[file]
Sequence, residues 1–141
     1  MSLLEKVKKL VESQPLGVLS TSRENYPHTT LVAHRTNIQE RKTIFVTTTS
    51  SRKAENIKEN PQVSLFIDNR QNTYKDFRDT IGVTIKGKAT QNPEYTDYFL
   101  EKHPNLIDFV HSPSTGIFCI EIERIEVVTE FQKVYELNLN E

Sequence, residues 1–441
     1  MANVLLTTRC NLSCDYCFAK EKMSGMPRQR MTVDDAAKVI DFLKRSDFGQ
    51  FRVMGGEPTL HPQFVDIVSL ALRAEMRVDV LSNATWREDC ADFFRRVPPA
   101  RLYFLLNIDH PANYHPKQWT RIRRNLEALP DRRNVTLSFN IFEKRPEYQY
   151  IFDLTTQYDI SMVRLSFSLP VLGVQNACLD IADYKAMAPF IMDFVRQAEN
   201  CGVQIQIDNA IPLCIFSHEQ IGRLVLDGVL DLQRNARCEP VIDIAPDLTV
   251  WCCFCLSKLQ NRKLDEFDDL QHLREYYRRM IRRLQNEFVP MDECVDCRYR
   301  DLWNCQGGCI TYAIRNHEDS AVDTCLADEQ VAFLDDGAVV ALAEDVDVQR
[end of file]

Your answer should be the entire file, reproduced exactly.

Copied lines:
Sequence, residues 1–141
     1  MSLLEKVKKL VESQPLGVLS TSRENYPHTT LVAHRTNIQE RKTIFVTTTS
    51  SRKAENIKEN PQVSLFIDNR QNTYKDFRDT IGVTIKGKAT QNPEYTDYFL
   101  EKHPNLIDFV HSPSTGIFCI EIERIEVVTE FQKVYELNLN E

Sequence, residues 1–441
     1  MANVLLTTRC NLSCDYCFAK EKMSGMPRQR MTVDDAAKVI DFLKRSDFGQ
    51  FRVMGGEPTL HPQFVDIVSL ALRAEMRVDV LSNATWREDC ADFFRRVPPA
   101  RLYFLLNIDH PANYHPKQWT RIRRNLEALP DRRNVTLSFN IFEKRPEYQY
   151  IFDLTTQYDI SMVRLSFSLP VLGVQNACLD IADYKAMAPF IMDFVRQAEN
   201  CGVQIQIDNA IPLCIFSHEQ IGRLVLDGVL DLQRNARCEP VIDIAPDLTV
   251  WCCFCLSKLQ NRKLDEFDDL QHLREYYRRM IRRLQNEFVP MDECVDCRYR
   301  DLWNCQGGCI TYAIRNHEDS AVDTCLADEQ VAFLDDGAVV ALAEDVDVQR